Journal of International Business Studies

, Volume 39, Issue 3, pp 337–350

Perspectives on China's outward foreign direct investment

Authors

  • Randall Morck
    • Department of Finance and Management Science, University of Alberta and NBER
    • Stern School of Business, New York University
    • Guanghua School of Management, Peking University
  • Minyuan Zhao
    • Ross School of Business, University of Michigan
Perspective

DOI: 10.1057/palgrave.jibs.8400366

Cite this article as:
Morck, R., Yeung, B. & Zhao, M. J Int Bus Stud (2008) 39: 337. doi:10.1057/palgrave.jibs.8400366

Abstract

Recent economic data reveal that, at the infant stage, China's outward foreign direct investment (FDI) is biased towards tax havens and Southeast Asian countries and are mostly conducted by state-controlled enterprises with government sanctioned monopoly status. Further examination of China's savings rate, corporate ownership structures, and bank-dominated capital allocation suggests that, although a surge in China's outward FDI might be economically sensible, the most active players have incentives to conduct excessive outward FDI while capital constraints limit players that most likely have value-creating FDI opportunities. We then discuss plausible firm-level justifications for China's outward FDI, its importance, and promising avenues for further research.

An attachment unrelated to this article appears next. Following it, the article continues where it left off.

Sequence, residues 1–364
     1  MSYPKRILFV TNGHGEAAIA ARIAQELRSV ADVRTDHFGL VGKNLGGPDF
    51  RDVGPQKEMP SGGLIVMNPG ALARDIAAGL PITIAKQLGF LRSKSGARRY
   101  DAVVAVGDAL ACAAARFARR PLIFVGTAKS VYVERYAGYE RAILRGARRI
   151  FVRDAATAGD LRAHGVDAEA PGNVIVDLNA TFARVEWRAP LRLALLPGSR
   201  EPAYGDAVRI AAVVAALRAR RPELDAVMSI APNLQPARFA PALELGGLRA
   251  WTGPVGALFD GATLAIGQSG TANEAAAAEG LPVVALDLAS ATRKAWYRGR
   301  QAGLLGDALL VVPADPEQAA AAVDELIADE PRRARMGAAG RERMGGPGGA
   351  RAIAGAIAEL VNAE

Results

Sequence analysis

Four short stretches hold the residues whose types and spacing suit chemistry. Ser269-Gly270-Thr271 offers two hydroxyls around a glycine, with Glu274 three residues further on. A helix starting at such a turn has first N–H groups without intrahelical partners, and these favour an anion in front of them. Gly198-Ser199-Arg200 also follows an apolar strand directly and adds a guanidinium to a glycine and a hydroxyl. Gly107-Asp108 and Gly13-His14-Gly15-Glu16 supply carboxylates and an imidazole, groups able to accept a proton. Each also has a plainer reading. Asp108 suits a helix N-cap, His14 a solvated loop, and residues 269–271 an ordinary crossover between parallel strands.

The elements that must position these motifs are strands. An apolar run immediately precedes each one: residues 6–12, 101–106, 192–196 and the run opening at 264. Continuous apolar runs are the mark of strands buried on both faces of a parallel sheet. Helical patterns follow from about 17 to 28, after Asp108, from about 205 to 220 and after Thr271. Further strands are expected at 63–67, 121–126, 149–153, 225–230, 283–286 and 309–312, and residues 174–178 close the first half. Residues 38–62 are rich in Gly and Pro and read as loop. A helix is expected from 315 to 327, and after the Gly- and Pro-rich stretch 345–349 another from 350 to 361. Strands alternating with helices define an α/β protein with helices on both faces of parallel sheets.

Keywords

outward foreign direct investment China macro perspective corporate ownership structure capital market distortion micro firm theory

Copyright information

© Academy of International Business 2008